In the second decade of the twenty-first century, Sertraline, King of the high elves declared war on Santa’s workshop. The conflict was inevitable. You see, in the latter half of the twentieth century, advances in communications technology helped bring people from across the world closer together.
Humans, for example, interacted with both the high elves and Santa’s elves online. Though they bore the same name, the two races were very different.
The high elves were almost identical to humans except immortal, pretentious, and better looking. Santa’s elves were jolly little folk, not even half as tall as the average human. As far as Sertraline was concerned, the only thing the two races had in common was their pointed ears.
Now, humans confused them constantly. They were always asking the high elves for cookie baking tips and handing them letters to Santa. Sertraline started dreading the Christmas season because it meant continuous misidentification. His people would spend hours writing blog posts and answering forum questions explaining the difference, but it never seemed to do any good. The humiliation continued.
At last, Sertraline decided he had to take action. So he arraigned for a conference call with the queen of the Christmas elves. Sertraline was an elf of habit, so he joined the conference call using the same magical seeing stone he’d been using for the last three thousand years. The elf queen used Webex. She was a cheery little person with rosey cheeks and a long blonde braid hanging down from beneath her pointed, red hat. Her name was Cranberry Cedarpine the Amiable, but she insisted her everyone call her Cedar. She didn’t care for formalities.
When Sertraline explained the issue, she said: “It’s very considerate of you to want to resolve the confusion, but we don’t mind sharing our name.”
Sertraline explained in a long, elegant, and round-about way, that he did.
Cedar asked if Sertraline had considered changing the name of his people, to which Sertraline became indignant. The call ended with the elf king in a sour mood and nothing resolved.
He returned alone to his council chamber and paced back and forth, his brow deeply furrowed as he pondered the situation. Since Cedar was unable to see reason, it seemed the only thing he could do was declare war.
The king loathed the idea of the death and destruction that would result from such a choice, but the alternative was to be forever confused with the most annoying race of people on the planet. Because of them, the radio played the same five songs on a loop every day from November 1st through December 25th year after year. These cheery tunes bore through the skull and gnawed away at the mind. Sertraline had every radio in the palace destroyed years ago. Even so, he only had to hear one line from the window of a passing car and the whole tune would loop repeatedly in his head until he called out to Heaven, begging God for the sweet release of death.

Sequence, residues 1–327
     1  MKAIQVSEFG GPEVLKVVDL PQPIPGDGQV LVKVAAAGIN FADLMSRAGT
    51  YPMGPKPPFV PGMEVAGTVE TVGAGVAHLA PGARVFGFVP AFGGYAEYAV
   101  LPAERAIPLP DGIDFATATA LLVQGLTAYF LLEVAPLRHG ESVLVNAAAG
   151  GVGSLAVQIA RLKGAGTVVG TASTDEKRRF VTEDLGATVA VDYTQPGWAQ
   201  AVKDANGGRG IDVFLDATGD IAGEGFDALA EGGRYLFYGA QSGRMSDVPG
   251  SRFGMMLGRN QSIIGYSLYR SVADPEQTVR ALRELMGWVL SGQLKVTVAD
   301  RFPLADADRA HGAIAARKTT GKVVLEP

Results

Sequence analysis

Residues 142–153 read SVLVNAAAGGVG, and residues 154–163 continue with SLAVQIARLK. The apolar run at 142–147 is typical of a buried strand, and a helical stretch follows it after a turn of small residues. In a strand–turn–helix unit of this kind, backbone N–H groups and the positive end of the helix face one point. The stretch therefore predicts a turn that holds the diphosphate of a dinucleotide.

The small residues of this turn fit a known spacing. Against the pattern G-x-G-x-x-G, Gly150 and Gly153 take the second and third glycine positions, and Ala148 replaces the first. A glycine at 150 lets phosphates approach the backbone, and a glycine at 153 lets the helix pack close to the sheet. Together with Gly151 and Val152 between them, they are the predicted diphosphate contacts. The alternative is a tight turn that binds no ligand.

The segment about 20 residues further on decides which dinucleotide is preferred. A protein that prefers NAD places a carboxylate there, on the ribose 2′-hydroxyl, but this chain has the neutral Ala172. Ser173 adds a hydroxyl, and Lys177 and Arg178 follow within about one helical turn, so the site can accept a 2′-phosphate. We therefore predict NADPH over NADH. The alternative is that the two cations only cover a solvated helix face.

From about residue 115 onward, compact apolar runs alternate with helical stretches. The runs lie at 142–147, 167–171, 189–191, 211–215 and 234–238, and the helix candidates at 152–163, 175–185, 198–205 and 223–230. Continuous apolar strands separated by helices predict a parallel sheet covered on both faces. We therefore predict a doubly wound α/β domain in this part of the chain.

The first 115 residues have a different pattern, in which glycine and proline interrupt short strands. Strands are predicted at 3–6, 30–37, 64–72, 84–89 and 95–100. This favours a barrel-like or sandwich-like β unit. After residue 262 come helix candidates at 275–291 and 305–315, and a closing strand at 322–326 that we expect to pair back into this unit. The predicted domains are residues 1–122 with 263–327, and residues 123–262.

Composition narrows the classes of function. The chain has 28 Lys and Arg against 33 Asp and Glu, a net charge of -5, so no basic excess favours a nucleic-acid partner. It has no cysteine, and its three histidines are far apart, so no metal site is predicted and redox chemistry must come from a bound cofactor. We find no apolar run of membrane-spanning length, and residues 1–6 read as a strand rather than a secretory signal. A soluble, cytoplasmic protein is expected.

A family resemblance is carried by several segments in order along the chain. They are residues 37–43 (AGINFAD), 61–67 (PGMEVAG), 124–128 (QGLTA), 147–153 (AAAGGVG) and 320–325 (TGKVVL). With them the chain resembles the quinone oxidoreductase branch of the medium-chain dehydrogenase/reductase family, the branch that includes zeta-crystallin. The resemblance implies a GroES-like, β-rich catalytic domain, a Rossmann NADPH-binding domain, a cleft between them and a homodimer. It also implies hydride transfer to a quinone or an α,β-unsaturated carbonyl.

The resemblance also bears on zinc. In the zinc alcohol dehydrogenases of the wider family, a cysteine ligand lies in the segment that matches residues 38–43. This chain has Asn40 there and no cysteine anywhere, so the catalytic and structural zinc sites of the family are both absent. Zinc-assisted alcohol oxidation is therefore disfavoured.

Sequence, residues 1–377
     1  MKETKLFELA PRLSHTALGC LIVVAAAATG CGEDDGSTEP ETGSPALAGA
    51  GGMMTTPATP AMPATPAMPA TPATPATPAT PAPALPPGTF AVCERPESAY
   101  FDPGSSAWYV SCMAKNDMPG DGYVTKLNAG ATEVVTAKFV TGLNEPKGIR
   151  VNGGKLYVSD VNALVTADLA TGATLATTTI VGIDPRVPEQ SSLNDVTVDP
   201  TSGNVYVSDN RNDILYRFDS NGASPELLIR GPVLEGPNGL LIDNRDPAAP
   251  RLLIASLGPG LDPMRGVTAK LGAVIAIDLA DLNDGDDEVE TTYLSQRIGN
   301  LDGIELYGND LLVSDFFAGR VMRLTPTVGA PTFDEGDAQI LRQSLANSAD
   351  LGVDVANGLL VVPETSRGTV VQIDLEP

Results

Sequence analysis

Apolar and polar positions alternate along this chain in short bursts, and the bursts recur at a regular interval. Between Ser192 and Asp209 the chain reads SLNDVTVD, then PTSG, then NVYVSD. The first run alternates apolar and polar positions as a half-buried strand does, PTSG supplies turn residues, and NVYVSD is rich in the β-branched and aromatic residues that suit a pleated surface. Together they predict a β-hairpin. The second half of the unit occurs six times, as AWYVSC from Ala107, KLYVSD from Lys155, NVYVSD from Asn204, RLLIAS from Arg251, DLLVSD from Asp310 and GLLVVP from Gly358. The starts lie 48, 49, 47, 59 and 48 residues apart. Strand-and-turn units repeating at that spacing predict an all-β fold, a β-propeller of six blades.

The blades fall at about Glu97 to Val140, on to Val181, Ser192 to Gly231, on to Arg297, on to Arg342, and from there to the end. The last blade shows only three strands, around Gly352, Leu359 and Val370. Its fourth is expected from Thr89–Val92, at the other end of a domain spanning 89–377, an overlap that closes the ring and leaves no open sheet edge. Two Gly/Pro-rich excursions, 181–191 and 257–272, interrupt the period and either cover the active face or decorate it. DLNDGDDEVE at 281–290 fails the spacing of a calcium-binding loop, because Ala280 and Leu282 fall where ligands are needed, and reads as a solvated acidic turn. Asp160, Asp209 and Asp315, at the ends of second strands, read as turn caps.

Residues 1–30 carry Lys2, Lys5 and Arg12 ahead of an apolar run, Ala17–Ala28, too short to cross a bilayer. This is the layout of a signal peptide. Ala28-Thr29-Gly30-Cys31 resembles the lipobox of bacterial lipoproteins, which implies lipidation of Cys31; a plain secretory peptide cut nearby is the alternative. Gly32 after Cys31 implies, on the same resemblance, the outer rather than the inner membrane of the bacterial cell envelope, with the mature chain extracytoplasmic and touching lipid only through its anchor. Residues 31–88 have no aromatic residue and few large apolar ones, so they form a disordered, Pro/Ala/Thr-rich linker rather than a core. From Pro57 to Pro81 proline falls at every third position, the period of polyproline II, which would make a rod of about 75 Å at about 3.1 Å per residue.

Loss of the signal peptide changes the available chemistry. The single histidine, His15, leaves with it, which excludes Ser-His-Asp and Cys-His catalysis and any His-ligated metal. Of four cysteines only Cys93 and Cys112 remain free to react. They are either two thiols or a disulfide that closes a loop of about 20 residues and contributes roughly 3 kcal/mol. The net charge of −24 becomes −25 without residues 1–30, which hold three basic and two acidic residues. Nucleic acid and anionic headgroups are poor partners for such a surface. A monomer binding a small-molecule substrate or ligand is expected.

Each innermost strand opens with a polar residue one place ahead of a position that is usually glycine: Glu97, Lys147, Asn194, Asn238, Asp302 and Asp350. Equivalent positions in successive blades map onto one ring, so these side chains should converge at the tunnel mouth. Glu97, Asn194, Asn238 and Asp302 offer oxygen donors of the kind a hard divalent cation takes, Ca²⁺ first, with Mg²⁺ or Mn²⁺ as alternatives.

He told himself he’d be doing society a favor by wiping the jolly, little folk off the face of the Earth. Still, he was conflicted, and debated with himself throughout the night. When morning came, he had an idea. He called Cedar again.
The king’s tone was grave. “Despite my attempt to resolve our differences peacefully, we’ve made no progress. Therefore, it is with a heavy heart, that I declare war on your people.”
Cedar sipped her hot chocolate, her cheery disposition unaffected by the king’s declaration.
“‘Kay,” was her only response.
“However, to minimize the destruction brought about by our conflict, I propose we select champions from among our warriors and have them engage in combat. If my champions are victorious, your people will have to change their name. If your people are victorious, we’ll change ours.”
“If my people are victorious,” Cedar said. “We’ll continue to share the name.”
Sertraline rolled his eyes. “Alright, we’ll share the name. There will be three contests—”
“Poetry, baking, and craftsmanship,” Cedar interjected.
“I was thinking something more lethal,” Sertraline replied.
“That’s not very nice,” Cedar observed. She pulled a book out of her pocket and scratched a note.
“You brought this upon yourselves,” Sertraline stated. “If you do not accept, we will be forced to invade the North Pole.”
“Poetry, baking, and craftsmanship,” the queen repeated. “Take it or leave it.”
She ended the call.
Sertraline sent for his generals and ordered them to prepare their troops for battle. While the army was assembling, the king sat in his council chamber scowling as he meditated upon the gravity of the situation.
“Accept her terms,” a voice demanded.
Sertraline would have jumped, but he was too dignified for such expressions of alarm. He slowly turned to see the speaker, his golden locks fluttering around his shoulders. He sighed when he recognized her.
It was Alika, the justice fairy—an imposing, immovable, force of a woman. She had a habit of showing up at inconvenient moments and telling him not to carry out his plans. She’d been doing this for as long as he was king (which was a very, very, long time).
“This is not your war,” he replied gravely. It was his way of telling her to leave.
“It is the war of every person who will suffer the devastation of your conflict, elvish or no,” she stated. “Make an enemy of the Christmas elves and you make an enemy of Santa Claus.”
“Santa Claus is no threat to me,” Sertraline grumbled.